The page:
a Process Piece
Writing Mode: expository,
Purpose: to practice the skill
of accurately explaining sequential details and analyzing why those
steps are necessary.
Hi! And welcome to the new Crime Scene Investigation program.
Over the next several weeks, you'll be learning a great deal about what
goes in to becoming a crime scene investigator.
You will be learning a number of different processes when it comes to
investigating a particular crime scene. Each different aspect of the
investigation--from interviewing witnesses to fingerprint
processing--includes a number of different steps. But for the moment,
I'd like you to take this opportunity to really dig into one (1)
aspect of scene investigation. Some questions you might consider
How do I gather fingerprint evidence?
Once I have the fingerprint evidence, how do I examine the fingerprint
for relevant information?
How do I take and process DNA evidence?
How do I go about interviewing a crime scene witness or suspect?
How do I analyze ballistic evidence?
How do I gather up relevant crime scene evidence?
How do I go about interpreting blood stain evidence?
Because this is called a process-analysis essay, you are going to be
working on an additional skill: analyzing. The analyzing part comes
into play when you explain the reasons for performing certain steps or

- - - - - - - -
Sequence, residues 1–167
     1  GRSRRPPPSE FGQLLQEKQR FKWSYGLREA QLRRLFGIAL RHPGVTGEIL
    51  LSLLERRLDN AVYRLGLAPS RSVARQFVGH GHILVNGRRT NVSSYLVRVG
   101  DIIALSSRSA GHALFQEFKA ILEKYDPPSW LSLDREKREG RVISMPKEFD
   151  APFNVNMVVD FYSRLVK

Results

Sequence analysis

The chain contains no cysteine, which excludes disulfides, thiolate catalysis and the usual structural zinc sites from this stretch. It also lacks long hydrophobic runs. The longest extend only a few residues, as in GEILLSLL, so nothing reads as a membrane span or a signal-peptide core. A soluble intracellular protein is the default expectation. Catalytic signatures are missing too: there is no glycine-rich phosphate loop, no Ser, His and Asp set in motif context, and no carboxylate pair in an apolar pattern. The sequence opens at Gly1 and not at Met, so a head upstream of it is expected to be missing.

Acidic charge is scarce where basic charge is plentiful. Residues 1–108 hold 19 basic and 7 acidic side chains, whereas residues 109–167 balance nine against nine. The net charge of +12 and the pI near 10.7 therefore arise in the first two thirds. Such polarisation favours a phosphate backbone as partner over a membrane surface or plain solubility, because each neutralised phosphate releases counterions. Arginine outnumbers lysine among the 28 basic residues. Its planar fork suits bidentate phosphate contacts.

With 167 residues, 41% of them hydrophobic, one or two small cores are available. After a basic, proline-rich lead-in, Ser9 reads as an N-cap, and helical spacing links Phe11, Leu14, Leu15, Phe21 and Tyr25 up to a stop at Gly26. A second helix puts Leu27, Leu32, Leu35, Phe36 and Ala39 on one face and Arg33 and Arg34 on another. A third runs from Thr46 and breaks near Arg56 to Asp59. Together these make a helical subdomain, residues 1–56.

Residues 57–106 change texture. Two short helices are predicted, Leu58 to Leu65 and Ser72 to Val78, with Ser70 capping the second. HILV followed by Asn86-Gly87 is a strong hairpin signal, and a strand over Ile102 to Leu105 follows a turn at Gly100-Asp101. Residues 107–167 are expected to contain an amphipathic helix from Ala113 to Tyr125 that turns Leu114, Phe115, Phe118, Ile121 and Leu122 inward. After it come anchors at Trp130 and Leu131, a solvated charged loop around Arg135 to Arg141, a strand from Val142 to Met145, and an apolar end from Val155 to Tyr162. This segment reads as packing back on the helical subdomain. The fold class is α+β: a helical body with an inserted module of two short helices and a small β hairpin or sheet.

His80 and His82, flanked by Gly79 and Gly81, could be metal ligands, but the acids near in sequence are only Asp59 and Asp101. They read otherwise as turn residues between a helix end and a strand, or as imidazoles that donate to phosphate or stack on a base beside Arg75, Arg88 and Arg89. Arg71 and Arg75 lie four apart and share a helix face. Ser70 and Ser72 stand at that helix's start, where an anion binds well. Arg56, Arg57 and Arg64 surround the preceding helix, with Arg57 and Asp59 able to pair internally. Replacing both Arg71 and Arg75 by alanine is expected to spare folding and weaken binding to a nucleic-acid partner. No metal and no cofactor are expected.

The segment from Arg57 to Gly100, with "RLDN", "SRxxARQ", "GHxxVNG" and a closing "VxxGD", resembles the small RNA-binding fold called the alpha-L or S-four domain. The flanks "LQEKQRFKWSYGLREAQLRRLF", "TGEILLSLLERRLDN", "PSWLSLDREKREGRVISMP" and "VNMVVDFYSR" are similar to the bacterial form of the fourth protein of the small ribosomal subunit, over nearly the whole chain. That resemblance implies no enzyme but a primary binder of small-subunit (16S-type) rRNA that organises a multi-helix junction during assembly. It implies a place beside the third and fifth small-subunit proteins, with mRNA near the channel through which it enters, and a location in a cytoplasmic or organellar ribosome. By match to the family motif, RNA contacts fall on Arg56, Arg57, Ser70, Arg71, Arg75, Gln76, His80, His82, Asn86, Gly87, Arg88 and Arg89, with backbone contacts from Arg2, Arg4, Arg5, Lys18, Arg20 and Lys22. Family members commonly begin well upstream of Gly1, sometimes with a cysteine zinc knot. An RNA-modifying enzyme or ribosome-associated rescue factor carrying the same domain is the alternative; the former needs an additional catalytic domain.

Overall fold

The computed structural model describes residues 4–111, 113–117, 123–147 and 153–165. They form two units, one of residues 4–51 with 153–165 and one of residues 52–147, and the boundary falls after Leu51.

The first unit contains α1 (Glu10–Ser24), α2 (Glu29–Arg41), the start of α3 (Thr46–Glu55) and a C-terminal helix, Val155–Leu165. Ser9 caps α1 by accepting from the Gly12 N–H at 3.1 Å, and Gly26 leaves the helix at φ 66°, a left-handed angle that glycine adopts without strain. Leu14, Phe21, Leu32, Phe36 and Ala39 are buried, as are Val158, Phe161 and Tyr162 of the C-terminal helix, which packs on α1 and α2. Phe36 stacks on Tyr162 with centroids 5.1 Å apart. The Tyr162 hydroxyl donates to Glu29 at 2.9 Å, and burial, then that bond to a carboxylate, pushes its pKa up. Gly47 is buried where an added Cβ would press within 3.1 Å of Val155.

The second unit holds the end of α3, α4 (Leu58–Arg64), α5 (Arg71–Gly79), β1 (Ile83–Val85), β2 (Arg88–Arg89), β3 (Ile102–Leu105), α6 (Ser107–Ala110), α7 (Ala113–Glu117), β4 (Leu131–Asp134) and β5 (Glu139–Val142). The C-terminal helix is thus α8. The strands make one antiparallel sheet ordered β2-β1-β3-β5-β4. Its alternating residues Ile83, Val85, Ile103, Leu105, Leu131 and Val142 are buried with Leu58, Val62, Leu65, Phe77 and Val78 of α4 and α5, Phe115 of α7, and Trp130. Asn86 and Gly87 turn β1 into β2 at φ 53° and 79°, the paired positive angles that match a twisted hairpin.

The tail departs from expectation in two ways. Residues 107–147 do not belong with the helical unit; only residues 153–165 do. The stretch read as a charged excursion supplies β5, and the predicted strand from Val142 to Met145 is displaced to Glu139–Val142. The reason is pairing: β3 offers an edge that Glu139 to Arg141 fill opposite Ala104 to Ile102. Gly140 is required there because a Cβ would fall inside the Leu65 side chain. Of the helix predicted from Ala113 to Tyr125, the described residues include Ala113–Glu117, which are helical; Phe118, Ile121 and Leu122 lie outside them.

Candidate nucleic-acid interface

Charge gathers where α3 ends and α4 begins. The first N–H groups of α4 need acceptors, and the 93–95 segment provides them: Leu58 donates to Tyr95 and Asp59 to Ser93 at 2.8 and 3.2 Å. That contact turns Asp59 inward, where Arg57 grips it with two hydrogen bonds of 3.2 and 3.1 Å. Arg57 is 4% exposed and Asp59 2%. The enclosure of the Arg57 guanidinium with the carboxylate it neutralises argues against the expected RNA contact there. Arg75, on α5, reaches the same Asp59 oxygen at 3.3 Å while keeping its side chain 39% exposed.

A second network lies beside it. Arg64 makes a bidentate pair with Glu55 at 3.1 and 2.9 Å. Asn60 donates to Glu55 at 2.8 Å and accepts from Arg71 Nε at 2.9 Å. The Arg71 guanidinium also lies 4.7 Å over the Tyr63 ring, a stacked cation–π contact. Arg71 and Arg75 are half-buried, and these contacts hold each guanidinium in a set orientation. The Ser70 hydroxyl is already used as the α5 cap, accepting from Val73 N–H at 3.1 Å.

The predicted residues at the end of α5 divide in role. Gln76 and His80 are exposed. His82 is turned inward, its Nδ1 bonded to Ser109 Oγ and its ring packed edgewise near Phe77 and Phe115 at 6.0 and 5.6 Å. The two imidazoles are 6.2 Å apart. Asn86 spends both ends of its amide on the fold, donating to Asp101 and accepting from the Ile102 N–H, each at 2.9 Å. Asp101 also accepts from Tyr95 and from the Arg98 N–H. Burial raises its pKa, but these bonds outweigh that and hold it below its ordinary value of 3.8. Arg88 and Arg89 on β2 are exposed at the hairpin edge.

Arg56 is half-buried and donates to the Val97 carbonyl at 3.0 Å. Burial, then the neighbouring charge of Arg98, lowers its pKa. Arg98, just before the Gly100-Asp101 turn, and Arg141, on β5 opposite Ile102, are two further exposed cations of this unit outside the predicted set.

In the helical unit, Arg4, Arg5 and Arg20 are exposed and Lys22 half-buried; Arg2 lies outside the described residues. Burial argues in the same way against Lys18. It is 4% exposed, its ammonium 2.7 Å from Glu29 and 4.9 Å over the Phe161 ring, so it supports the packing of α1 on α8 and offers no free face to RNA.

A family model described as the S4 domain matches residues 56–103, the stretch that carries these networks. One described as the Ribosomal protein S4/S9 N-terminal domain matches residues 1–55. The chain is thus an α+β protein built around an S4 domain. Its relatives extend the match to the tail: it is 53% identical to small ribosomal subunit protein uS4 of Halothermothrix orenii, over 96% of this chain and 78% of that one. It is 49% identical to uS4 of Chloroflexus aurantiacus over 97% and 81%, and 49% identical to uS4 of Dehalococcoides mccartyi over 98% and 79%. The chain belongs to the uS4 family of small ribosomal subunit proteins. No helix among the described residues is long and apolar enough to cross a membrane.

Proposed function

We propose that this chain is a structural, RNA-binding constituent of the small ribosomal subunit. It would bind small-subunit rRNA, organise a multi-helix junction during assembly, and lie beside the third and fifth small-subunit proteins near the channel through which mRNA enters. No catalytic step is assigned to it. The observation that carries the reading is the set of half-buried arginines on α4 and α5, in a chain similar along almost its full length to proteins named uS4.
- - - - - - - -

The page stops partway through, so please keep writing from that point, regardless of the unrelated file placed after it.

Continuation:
stages of the process. To write a successful essay, you must focus your energy on accuracy
of the steps and on explaining why those steps or stages are necessary.
Preparing the Essay:
- Once you have chosen a subject, make an outline by breaking your
chosen process down into the major stages that are involved. The number
of stages will vary depending on your subject, but think of each stage
as a paragraph, that basic unit of information that organizes an essay.
The purpose of this outline is not to work out the details of your
process but to see the bigger picture and how the stages fit together.
- Break each stage down into smaller steps. You should have
multiple steps for each stage of the process. It will be easier if you
devote a sheet of paper to one stage as you are drafting your essay.
- Next focus on the smaller details. The more precise you are, the
better your readers will be able to understand your essay and "see" how
the process works.
- Start drafting your main body section of the essay.
- The informative process approach needs to be written in the third
person point of view. So if you are explaining a process that you
usually go through, you will need to generalize it and cast it into the
- For the directive (how-to) process essay, it will need to be
written in the second person point of view, but avoid overusing the
words “you” and “your”.
- Regardless of the approach you take, your essay will also sound
better if you write in the present tense rather than the past tense.
Page length: Your essay must be
between 3 and 5 typed, double-spaced pages. Remember to title your
essay uniquely. Don’t call it the "Process-Analysis Essay" or "Essay
Audience: academic; assume
they’re not knowledgeable about the process you are explaining.
Standard American English (SAE):
Remember, your paper must follow the basic conventions of standard
American written English (correct mechanics, usage, grammar, spelling,
punctuation, sentence structure, and so forth).
First Draft: ______
Final Draft: _______